An experimental flu vaccine patch with dissolving microneedles appears safe and effective, a preliminary study shows.
The patch has 100 solid, water-soluble and painless microneedles that are just long enough to penetrate the skin. Researchers say it could offer a pain-free and more convenient alternative to flu shots.
“This bandage-strip sized patch of painless and dissolvable needles can transform how we get vaccinated,” said Dr. Roderic Pettigrew, director of the U.S. National Institute of Biomedical Imaging and Bioengineering, which funded the study.
“A particularly attractive feature is that this vaccination patch could be delivered in the mail and self-administered. In addition, this technology holds promise for delivering other vaccines in the future,” he said in an institute news release.
The study of 100 adults found that the patch triggered a strong immune response and did not cause any serious side effects. At most, some patients developed local skin reactions to the patches, which involved faint redness and mild itching that lasted two to three days.
The flu vaccine is released by the microneedles, which dissolve within a few minutes. The patch is then peeled off and thrown away.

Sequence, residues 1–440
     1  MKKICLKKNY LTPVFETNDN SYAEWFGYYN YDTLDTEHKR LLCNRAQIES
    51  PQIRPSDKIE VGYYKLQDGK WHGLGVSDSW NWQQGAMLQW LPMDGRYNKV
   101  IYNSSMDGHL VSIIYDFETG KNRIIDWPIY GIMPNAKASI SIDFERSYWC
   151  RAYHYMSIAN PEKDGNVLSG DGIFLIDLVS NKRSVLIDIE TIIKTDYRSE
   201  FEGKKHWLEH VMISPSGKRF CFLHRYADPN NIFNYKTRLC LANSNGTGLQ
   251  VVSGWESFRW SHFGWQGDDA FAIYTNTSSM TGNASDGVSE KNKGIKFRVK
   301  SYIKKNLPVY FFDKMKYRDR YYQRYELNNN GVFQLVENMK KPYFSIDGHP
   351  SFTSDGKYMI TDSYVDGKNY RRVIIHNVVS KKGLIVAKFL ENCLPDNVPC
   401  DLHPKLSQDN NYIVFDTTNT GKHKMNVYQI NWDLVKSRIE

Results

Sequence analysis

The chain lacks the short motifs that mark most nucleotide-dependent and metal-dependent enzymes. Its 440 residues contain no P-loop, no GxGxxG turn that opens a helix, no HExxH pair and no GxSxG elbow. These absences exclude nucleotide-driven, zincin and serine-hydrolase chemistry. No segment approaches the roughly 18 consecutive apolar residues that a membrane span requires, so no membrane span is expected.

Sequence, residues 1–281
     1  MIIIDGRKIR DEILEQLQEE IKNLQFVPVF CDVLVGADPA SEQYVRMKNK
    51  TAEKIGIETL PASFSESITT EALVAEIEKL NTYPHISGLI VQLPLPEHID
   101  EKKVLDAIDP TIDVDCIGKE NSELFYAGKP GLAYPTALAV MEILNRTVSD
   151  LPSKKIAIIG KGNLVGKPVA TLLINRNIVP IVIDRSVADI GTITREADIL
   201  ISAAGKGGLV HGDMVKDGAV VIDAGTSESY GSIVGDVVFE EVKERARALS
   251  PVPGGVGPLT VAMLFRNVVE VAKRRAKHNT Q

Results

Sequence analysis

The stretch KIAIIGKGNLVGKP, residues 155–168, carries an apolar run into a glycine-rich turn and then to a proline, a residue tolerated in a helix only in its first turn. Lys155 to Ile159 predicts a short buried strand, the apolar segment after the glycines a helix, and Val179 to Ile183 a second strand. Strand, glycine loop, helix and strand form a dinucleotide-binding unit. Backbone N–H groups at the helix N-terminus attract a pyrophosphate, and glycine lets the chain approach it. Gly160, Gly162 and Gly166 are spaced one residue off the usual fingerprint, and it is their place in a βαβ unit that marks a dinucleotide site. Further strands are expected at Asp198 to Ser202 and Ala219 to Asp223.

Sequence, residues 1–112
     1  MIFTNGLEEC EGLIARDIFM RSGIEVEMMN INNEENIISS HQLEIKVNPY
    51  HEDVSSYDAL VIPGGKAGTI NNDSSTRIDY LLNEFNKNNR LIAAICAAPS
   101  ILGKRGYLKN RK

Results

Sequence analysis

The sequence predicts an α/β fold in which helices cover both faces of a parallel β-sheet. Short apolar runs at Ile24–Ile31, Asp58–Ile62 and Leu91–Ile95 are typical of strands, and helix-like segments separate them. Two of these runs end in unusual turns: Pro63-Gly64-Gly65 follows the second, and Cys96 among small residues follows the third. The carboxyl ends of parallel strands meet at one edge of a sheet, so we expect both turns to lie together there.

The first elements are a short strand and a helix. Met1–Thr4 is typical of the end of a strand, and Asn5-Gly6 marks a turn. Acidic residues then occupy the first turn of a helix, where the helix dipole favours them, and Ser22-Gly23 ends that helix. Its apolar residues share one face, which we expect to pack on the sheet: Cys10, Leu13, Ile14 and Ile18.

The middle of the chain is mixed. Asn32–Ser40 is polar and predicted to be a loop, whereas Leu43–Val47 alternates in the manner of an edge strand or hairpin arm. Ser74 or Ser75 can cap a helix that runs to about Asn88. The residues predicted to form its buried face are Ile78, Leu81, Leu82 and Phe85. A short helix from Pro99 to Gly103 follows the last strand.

Researchers at Georgia Institute of Technology and Emory University led the study. The results were published online June 27 in The Lancet.
These early results “suggest the emergence of a promising new option for seasonal vaccination,” Drs. Katja Hoschler and Maria Zambon wrote in an accompanying editorial. They are with Public Health England’s National Infections Service.
The “more exciting features” of the microneedle patch include its low cost, safety, storage convenience and durability, they said.
“Microneedle patches have the potential to become ideal candidates for vaccination programs, not only in poorly resourced settings, but also for individuals who currently prefer not to get vaccinated,” the editorialists wrote.
One flu expert agreed.
“The flu microneedle patch is easy to use — it can be self-administered and, like other medication patches, it is well absorbed through the skin,” said Dr. Len Horovitz, a pulmonary specialist at Lenox Hill Hospital in New York City.
“This development eliminates the need for intramuscular injection [a flu shot] by a health care professional,” he added.
Also, “this patch does not need to be refrigerated — it has a long shelf life,” Horovitz noted. “Standard vaccines can loose potency if left out of refrigeration repeatedly, as occurs in most settings.”
The U.S. Centers for Disease Control and Prevention has more on flu vaccination.
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